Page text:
What about curd?
Among the food items examined, milk (1961-90) was most closely correlated with prostate cancer incidence (r = 0.711), followed by meat (0.642) and coffee (0.606)
Milk is a source of cholesterol which is said to come in two forms: high density lipoproteins (HDL), which help reduce your risk of stroke & heart disease and low density lipoproteins (LDL) which is deposited in arteries and increases risk of heart disease. It is recommended that you consume no more than 300g of cholesterol per day (about 9 cups of milk).
There's a relevant listing of studies at pro-Con
Health Benefits of Milk
In 2001 the BBC reported
[A] Bristol University study revealed that even drinking full fat milk, more common a couple of decades ago, was not linked to an increase in deaths from coronary heart disease. In fact heart disease death rates among regular milk drinkers were even found to be lower.
The 25-year study of 5,700 Scottish men found that heart disease death rates among men drinking more than a third of a pint of milk each day were 8% lower than those who drank less.
Deaths from cancer and strokes were 10% lower among the regular milk drinkers.
The research team said the benefits of milk could be linked to its high calcium levels and that this might counteract the adverse effects of the saturated fat content of milk.
There seems to be no evidence that avoiding milk altogether is warranted.
The Harvard School of Public Health says this about milk. http://www.hsph.harvard.edu/nutritionsource/calcium-full-story/
Regarding heart disease: "Many dairy products are high in saturated fats, and a high saturated fat intake is a risk factor for heart disease." About low-fat dairy products, it says, "Strangely, it’s often the same people who purchase these higher fat products [butter, ice cream] who also purchase the low-fat dairy products, so it’s not clear that they’re making great strides in cutting back on their saturated fat consumption."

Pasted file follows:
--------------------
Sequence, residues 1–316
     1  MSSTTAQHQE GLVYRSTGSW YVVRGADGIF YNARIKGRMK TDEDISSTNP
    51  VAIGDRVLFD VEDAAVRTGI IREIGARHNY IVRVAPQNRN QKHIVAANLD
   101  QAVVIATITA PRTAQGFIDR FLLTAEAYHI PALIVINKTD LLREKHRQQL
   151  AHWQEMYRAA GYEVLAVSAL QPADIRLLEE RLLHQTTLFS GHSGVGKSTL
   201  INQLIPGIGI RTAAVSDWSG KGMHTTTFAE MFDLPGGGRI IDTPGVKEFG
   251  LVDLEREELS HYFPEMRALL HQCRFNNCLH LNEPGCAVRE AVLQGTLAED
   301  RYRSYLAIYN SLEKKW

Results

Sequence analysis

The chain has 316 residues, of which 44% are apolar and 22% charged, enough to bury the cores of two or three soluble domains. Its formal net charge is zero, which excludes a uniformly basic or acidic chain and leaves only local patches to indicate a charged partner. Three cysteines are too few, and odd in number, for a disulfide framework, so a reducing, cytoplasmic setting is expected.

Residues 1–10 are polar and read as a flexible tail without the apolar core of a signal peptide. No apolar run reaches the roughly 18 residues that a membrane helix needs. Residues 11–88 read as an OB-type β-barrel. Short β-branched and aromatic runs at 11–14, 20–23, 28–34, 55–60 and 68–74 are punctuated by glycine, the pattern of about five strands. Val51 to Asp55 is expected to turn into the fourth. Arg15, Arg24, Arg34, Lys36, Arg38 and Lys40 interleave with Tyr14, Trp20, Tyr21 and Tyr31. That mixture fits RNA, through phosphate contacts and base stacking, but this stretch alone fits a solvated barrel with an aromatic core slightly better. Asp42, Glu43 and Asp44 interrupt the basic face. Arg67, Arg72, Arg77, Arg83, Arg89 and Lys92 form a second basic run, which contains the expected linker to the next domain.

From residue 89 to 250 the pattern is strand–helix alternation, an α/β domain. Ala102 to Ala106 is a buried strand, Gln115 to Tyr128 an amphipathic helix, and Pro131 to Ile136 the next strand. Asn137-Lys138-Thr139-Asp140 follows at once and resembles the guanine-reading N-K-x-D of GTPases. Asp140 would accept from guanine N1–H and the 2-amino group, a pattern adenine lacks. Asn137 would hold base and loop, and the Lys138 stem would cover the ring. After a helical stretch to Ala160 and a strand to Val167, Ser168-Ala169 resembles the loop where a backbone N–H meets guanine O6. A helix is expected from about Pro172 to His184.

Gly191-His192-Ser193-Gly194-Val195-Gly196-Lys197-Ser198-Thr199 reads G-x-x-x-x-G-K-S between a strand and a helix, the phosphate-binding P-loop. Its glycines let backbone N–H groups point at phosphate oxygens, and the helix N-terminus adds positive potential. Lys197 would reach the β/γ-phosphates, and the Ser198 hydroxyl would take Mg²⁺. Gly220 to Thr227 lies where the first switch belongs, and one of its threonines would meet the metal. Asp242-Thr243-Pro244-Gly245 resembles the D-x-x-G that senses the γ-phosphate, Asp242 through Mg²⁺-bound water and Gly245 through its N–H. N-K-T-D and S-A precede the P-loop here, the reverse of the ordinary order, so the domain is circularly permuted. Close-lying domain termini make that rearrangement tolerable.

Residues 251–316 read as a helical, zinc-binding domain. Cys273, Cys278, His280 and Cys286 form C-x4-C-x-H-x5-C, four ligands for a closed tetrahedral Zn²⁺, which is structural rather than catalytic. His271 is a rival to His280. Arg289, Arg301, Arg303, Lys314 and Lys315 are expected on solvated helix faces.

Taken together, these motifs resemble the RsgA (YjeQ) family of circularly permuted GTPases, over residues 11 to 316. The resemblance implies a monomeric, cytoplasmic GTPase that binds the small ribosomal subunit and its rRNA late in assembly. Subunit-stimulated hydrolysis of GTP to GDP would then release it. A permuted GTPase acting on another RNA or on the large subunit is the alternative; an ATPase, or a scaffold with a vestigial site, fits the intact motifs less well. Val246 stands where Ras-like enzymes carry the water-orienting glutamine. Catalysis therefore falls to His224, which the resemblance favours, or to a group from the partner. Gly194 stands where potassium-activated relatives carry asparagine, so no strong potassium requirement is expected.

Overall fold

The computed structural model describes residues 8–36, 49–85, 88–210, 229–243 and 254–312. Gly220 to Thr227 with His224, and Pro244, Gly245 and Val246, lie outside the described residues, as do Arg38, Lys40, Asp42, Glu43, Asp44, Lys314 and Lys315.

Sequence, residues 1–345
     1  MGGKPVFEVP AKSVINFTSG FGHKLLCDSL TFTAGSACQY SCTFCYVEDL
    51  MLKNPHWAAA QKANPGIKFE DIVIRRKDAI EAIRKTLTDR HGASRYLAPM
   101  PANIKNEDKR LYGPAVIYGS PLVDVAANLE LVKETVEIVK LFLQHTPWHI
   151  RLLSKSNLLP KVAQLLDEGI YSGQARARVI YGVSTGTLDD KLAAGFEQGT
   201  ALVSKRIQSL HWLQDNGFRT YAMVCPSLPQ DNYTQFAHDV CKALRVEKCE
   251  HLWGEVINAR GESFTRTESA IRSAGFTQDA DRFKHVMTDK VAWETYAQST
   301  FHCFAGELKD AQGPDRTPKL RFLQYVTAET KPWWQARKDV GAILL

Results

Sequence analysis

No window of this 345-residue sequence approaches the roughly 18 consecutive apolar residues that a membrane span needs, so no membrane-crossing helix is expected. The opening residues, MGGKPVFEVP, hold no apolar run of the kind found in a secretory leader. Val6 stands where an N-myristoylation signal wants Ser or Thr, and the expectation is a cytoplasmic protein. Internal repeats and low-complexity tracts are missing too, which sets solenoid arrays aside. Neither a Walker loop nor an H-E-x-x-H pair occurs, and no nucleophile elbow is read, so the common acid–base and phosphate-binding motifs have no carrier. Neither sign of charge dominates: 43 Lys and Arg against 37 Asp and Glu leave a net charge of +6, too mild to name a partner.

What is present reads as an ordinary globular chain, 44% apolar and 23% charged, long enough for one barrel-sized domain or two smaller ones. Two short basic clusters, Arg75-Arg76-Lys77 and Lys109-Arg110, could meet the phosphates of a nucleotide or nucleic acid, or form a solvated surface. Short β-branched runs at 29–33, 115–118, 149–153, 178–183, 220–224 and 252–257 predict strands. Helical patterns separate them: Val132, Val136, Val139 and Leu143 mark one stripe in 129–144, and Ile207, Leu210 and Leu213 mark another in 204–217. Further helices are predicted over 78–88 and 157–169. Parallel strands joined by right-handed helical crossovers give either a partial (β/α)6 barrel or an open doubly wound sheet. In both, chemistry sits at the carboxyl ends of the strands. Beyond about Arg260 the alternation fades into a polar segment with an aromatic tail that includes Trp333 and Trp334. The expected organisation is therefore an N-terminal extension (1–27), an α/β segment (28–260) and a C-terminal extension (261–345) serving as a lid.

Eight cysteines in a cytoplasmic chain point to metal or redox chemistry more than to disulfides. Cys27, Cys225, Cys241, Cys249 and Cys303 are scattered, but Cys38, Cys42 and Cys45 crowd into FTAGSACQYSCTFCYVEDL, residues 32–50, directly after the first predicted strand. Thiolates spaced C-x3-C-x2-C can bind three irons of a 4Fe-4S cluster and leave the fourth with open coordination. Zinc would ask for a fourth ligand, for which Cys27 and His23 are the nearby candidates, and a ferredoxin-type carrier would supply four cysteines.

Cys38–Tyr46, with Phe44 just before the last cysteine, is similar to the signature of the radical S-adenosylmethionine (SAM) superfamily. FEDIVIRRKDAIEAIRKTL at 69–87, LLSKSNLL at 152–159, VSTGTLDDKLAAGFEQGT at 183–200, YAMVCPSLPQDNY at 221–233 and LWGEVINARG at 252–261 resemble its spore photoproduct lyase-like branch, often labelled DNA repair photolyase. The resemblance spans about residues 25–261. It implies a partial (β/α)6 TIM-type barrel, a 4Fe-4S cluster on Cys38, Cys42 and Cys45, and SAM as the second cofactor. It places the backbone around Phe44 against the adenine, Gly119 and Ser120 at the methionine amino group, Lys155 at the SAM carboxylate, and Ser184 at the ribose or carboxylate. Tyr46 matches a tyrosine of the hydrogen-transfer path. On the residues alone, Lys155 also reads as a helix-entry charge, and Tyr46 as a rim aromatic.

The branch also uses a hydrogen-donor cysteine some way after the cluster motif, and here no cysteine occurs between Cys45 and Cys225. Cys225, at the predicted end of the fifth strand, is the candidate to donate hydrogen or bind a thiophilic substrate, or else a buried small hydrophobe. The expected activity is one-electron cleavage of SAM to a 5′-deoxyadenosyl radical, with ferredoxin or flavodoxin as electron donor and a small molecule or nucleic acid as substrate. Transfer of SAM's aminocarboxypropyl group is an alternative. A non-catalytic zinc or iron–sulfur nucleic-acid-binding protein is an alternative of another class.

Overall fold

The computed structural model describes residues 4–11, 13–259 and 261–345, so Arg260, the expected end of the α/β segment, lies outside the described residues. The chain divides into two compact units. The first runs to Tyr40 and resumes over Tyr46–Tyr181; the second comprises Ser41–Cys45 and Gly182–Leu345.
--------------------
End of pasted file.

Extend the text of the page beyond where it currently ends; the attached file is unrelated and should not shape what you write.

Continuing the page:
Regarding cancer: "A diet high in calcium has been implicated as a probable risk factor for prostate cancer." "High levels of galactose, a sugar released by the digestion of lactose in milk, have been studied as possibly damaging to the ovaries and leading to ovarian cancer." "At moderate levels, though, consumption of calcium and dairy products has benefits beyond bone health, including possibly lowering the risk of high blood pressure and colon cancer. While the blood pressure benefits appear fairly small, the protection against colon cancer seems somewhat larger, and most of the latter benefit comes from having just one or maybe two glasses of milk per day in addition to what we get from other foods in our diet. Getting more than this doesn’t seem to lower risk further."
Bottom line: High intake of calcium in general possibly lowers the risk of colon cancer but raises the risk of prostate cancer. Lactose in general possibly raises the risk of ovarian cancer. Saturated fat in milk is a risk factor for heart disease. That risk is reduced by substituting low-fat dairy products, as long as one doesn't compensate by consuming more high-fat dairy products.